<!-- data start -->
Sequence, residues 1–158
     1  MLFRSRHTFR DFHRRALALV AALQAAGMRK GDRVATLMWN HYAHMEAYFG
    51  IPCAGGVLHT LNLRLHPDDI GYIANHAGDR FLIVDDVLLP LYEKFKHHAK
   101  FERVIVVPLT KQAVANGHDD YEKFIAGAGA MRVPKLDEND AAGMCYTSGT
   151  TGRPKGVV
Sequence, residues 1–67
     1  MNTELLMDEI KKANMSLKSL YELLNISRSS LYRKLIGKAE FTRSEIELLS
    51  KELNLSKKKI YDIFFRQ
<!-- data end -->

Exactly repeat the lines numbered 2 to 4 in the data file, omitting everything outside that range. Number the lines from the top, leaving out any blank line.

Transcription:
     1  MLFRSRHTFR DFHRRALALV AALQAAGMRK GDRVATLMWN HYAHMEAYFG
    51  IPCAGGVLHT LNLRLHPDDI GYIANHAGDR FLIVDDVLLP LYEKFKHHAK
   101  FERVIVVPLT KQAVANGHDD YEKFIAGAGA MRVPKLDEND AAGMCYTSGT